“I am thankful that in a troubled world, no calamity can prevent the return of spring.”
Those were the words of Helen Keller, whose intuitive nature more than made up for her lack of sight.
It was an observation that had applications in so many aspects of life, and it certainly applied to the world of wine. After all, spring is when the annual production cycle of grapevines really kicks into gear.
“Bud break” begins in earnest throughout Northern Hemisphere wine country during the month of March. This is when the first green leaves and shoots appear on the vines.
Because those young shoots are vulnerable to frost damage, night and early morning temperatures are carefully monitored in the vineyards. When the temperature dips to 35 degrees, frost-protection sprinklers are activated.
March also is an important month for vineyard maintenance. Weed control is undertaken either by mowing or the (careful) use of propane burners.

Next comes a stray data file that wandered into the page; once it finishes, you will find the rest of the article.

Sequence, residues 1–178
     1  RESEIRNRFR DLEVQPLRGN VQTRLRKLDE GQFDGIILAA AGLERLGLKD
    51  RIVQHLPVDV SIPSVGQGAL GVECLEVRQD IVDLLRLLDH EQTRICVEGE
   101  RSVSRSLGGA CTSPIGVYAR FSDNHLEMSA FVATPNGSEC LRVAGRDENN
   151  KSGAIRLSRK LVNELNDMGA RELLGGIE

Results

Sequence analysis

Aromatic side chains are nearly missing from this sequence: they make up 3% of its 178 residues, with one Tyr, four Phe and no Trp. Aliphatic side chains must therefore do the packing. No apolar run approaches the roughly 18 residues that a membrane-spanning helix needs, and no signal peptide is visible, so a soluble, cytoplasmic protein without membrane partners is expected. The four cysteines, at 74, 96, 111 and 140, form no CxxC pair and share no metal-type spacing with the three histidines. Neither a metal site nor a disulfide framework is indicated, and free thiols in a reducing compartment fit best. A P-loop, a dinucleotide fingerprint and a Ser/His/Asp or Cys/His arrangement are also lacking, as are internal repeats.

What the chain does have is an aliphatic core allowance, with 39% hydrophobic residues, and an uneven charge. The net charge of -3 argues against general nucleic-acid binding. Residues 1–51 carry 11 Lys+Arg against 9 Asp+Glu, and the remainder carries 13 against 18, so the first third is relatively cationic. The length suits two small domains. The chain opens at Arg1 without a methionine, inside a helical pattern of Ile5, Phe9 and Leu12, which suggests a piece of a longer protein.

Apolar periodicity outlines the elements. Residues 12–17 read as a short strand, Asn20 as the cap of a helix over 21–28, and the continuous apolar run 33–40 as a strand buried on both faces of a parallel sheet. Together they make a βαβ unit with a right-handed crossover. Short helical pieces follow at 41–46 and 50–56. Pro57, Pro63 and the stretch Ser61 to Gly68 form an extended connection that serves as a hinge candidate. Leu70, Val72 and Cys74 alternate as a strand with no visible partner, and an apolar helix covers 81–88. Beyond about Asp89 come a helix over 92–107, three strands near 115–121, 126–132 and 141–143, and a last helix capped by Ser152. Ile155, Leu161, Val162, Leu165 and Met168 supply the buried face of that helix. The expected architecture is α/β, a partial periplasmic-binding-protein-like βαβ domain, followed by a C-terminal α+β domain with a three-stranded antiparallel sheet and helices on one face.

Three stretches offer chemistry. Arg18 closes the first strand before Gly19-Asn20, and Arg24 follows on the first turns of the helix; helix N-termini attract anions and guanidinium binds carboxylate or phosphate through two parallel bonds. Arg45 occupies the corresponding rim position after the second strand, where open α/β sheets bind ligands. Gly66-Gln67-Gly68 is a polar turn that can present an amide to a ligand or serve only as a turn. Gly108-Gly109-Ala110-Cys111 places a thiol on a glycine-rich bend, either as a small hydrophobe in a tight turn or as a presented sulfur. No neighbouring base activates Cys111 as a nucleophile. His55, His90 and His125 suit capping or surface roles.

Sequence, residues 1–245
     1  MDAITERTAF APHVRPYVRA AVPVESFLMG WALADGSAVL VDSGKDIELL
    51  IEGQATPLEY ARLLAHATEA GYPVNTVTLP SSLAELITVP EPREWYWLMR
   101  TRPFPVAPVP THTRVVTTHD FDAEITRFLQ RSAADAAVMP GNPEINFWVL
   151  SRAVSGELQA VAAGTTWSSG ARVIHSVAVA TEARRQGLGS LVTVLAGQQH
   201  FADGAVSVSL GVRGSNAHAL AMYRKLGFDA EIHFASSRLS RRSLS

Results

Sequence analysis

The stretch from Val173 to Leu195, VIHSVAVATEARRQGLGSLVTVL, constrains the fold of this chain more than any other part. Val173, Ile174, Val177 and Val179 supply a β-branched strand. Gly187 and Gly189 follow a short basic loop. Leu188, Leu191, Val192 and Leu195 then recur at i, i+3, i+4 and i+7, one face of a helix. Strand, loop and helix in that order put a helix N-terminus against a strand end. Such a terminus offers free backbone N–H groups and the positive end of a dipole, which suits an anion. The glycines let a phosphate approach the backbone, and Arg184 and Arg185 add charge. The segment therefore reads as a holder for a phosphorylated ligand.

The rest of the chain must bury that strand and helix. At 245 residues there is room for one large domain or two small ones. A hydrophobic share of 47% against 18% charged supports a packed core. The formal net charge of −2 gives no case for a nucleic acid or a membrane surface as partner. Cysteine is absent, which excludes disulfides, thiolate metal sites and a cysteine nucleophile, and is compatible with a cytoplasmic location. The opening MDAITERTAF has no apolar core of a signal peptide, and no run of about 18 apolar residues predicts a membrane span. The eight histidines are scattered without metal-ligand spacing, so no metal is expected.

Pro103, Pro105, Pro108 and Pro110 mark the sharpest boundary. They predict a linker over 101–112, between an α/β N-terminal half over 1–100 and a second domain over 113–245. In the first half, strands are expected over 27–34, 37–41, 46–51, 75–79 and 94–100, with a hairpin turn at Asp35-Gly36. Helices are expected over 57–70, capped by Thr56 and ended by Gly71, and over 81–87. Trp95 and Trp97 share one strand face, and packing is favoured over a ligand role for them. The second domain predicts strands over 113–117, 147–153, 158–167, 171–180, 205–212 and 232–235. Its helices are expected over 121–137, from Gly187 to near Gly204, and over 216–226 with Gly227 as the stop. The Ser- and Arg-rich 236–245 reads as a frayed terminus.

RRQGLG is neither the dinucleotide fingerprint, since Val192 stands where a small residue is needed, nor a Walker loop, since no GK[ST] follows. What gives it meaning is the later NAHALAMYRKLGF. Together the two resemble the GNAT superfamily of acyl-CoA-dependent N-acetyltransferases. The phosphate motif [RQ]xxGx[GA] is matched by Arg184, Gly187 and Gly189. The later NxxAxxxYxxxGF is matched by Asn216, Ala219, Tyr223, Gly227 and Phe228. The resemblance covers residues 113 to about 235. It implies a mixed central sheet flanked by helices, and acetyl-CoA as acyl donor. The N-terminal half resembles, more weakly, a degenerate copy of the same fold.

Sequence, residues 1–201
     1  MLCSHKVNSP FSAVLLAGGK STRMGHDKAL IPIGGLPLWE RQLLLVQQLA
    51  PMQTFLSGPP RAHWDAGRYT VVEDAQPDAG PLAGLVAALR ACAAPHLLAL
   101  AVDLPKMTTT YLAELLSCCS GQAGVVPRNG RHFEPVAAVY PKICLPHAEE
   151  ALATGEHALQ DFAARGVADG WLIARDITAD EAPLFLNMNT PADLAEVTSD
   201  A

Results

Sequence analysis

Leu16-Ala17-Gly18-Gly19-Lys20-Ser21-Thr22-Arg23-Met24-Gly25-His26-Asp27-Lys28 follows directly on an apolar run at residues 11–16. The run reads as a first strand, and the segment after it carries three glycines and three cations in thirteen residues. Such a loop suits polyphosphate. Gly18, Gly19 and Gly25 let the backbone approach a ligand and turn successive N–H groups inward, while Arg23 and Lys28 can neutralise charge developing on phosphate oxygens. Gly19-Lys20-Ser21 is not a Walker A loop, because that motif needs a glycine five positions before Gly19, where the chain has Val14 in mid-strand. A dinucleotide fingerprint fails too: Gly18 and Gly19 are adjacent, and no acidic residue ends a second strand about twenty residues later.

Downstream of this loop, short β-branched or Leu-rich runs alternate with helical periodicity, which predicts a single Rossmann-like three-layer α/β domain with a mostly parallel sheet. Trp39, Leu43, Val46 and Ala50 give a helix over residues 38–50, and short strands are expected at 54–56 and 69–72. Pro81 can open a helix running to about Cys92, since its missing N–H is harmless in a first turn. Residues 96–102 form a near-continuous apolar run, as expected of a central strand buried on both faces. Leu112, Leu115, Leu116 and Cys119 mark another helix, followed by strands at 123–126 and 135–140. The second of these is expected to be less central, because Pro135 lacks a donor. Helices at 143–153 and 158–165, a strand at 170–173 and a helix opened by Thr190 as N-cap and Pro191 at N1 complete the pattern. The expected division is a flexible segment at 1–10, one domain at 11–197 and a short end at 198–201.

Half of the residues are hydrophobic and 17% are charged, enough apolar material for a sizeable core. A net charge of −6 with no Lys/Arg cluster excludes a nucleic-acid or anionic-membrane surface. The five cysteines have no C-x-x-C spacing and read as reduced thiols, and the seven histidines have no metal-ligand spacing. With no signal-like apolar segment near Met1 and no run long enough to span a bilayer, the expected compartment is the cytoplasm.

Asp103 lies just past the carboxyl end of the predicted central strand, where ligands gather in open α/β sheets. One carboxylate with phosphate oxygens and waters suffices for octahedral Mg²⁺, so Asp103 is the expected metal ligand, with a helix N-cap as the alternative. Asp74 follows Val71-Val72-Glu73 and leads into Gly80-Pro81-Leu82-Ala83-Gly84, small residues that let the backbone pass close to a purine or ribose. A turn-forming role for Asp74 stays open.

Vine shoots are fastened to the steel wires, supporting the vine. Meanwhile, another cutting operation is performed as diseased branches and excess wood are removed.
Farmers walk the vineyards to ensure that no replacements are needed for the wires, poles, tensioners or any other part of the “vineyard system.” Weak or damaged pieces are replaced with new ones to prevent structural failures.
A baseball fan might describe this time of year as the equivalent of Spring Training — the time when we get ready for a long season ahead.
The big difference: The baseball season ends with only one winning team, whereas the grape growing season ends with millions of bottles of wine — the best of which are spotlighted by Vinesse.